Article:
Searching over 5,500,000 cases.


searching
Buy This Entire Record For $7.95

Download the entire decision to receive the complete text, official citation,
docket number, dissents and concurrences, and footnotes for this case.

Learn more about what you receive with purchase of this case.

Cummings v. Lavalley

United States District Court, Second Circuit

September 18, 2013

ELIJAH CUMMINGS, Petitioner,
v.
THOMAS LAVALLEY, Superintendent, Clinton Correctional Facility, Respondent.

Eunice C. Lee, Esq., OFFICE OF THE APPELLATE DEFENDER, New York, NY, Attorneys for Petitioner.

Priscilla I. Steward, Esq., NEW YORK STATE OFFICE OF THE ATTORNEY GENERAL, New York, NY, Attorneys for Respondent.

OPINION

ROBERT W. SWEET, District Judge.

Petitioner Elijah Cummings ("Cummings" or "Petitioner") has petitioned for a writ of habeas corpus pursuant to 28 U.S.C. § 2254. Cummings' petition has been opposed by respondent Thomas LaValley, Superintendent ("Respondent" or the "State"). Based on the conclusions set forth below, Cummings' petition is denied.

Prior Proceedings

In the early morning hours of March 27, 2006, Cummings was arrested after a police officer caught him attempting to steal weapons and bulletproof vests from the locker room of the 25 Precinct station house (the "Police Precinct"), which is located in northern Manhattan. On April 21, 2006, a New York County jury charged Cummings with, inter alia, one count of Burglary in the Second Degree pursuant to N.Y. Penal L. § 140.25(2) ("§140").

Prior to Cummings' trial in New York State Supreme Court (the "Trial Court"), his trial counsel ("Trial Counsel") moved to dismiss the second-degree burglary charge on the grounds that the grand jury minutes did not establish that the Police Precinct was a "dwelling, " which is a required element for a charge of second-degree burglary, see §140. The motion was denied.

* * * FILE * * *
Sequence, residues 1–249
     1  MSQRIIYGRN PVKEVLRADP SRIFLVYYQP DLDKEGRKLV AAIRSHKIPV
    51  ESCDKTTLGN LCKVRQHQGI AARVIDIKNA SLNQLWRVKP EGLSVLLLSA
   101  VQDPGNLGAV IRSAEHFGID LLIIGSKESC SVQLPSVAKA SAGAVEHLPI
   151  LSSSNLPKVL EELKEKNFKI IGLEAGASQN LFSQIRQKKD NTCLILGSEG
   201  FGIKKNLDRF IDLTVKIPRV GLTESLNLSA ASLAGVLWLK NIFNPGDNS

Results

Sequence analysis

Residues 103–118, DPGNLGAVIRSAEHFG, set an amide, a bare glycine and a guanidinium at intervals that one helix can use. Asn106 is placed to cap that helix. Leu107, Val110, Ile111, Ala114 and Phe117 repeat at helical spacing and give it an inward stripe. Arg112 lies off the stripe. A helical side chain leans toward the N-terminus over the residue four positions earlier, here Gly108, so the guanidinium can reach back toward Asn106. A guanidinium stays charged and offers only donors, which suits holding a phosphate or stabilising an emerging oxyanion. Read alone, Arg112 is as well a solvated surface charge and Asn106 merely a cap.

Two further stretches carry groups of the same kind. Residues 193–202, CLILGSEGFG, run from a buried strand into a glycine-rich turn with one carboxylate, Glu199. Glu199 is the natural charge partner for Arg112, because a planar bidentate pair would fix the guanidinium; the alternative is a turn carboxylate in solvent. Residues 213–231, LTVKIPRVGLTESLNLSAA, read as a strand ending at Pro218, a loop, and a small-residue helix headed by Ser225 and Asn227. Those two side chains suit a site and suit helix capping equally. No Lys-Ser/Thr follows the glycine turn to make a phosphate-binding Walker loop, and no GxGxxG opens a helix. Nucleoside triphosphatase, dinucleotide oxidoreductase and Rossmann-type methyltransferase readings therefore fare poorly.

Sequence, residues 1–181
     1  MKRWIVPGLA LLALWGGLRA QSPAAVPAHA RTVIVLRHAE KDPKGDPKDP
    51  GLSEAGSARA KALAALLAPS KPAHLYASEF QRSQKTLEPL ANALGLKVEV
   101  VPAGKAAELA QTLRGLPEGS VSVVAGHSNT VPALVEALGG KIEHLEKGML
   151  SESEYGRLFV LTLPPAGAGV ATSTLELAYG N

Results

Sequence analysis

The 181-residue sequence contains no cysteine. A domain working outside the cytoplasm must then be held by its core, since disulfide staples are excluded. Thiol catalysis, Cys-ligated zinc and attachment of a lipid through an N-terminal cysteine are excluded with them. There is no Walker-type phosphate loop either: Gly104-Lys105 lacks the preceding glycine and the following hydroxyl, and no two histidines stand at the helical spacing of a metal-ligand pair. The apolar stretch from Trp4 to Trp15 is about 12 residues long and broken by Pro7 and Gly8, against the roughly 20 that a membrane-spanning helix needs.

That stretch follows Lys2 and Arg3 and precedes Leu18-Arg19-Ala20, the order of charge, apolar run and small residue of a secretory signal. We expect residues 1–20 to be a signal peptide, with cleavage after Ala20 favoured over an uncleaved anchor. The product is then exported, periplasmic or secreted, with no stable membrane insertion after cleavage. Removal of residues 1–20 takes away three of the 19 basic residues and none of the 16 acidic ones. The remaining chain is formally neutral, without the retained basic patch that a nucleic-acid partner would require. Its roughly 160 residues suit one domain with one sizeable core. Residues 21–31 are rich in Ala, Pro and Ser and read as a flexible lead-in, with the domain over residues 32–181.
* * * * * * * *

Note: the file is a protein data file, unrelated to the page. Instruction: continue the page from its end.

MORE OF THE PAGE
At trial, the State offered testimony to buttress the grand jury's testimony on the "dwelling" element of the burglary count. The officer who arrested Cummings testified at trial that officers of the 25th Precinct "routinely" slept in a room in the Police Precinct that was designated as the "dormitory."

Following the close of the State's case, Trial Counsel made a general pro forma motion to dismiss all charges for failure to establish a prima facie case. However, Trial Counsel failed to specifically renew his motion to dismiss the Second Degree Burglary charge for failure to establish that the Police Precinct is considered a "dwelling" within the meaning of the statute.

On September 27, 2006, a jury found Cummings guilty of, inter alia, Second Degree Burglary.

Cummings appealed to the Appellate Division of the New York State Supreme Court (the "Appellate Division"), arguing, inter alia, that the evidence presented at trial was not legally sufficient to support a conviction for second-degree burglary because the State had failed to prove beyond a reasonable doubt that the Police Precinct constituted a "dwelling" for purposes of §140.

On October 22, 2009, the Appellate Division issued an opinion unanimously affirming the judgment of the State Trial Court. People v. Cummings , 66 A.D.3d 571 (N.Y.App.Div. 2009) ("Cummings I"). With respect to Cummings' argument about the second-degree burglary conviction, the Appellate Division did not reach its merits, instead holding that the issue had not been preserved by Trial Counsel due to Trial Counsel's failure to make a post-evidentiary motion challenging the sufficiency of the State's evidence regarding the "dwelling" element of the burglary count. Id. at 571.

Cummings sought, and was granted, leave to appeal to the New York Court of Appeals. In his brief to the Court of Appeals, Cummings argued, inter alia, that his Trial Counsel was constitutionally ineffective in failing to move for dismissal of the second-degree burglary. On February 24, 2011, the Court of Appeals issued an opinion unanimously affirming the order of the Appellate Division. People v. Cummings , 16 N.Y.3d 784 (2011) ("Cummings II"). The Court of Appeals analyzed Cummings' ineffective assistance claim under New York's constitutional standard, and concluded that the claim was without basis, as "the record demonstrates that [petitioner's] counsel provided competent and meaningful representation throughout the proceedings, which included an unsuccessful pretrial attempt to dismiss the second degree burglary charge based on the dwelling argument." Id. at 785.

Cummings subsequently filed a petition for writ of certiorari in the United States Supreme Court, asking the Supreme Court to review his ineffective assistance claim. On October 3, 2011, the Supreme Court denied his ...


Buy This Entire Record For $7.95

Download the entire decision to receive the complete text, official citation,
docket number, dissents and concurrences, and footnotes for this case.

Learn more about what you receive with purchase of this case.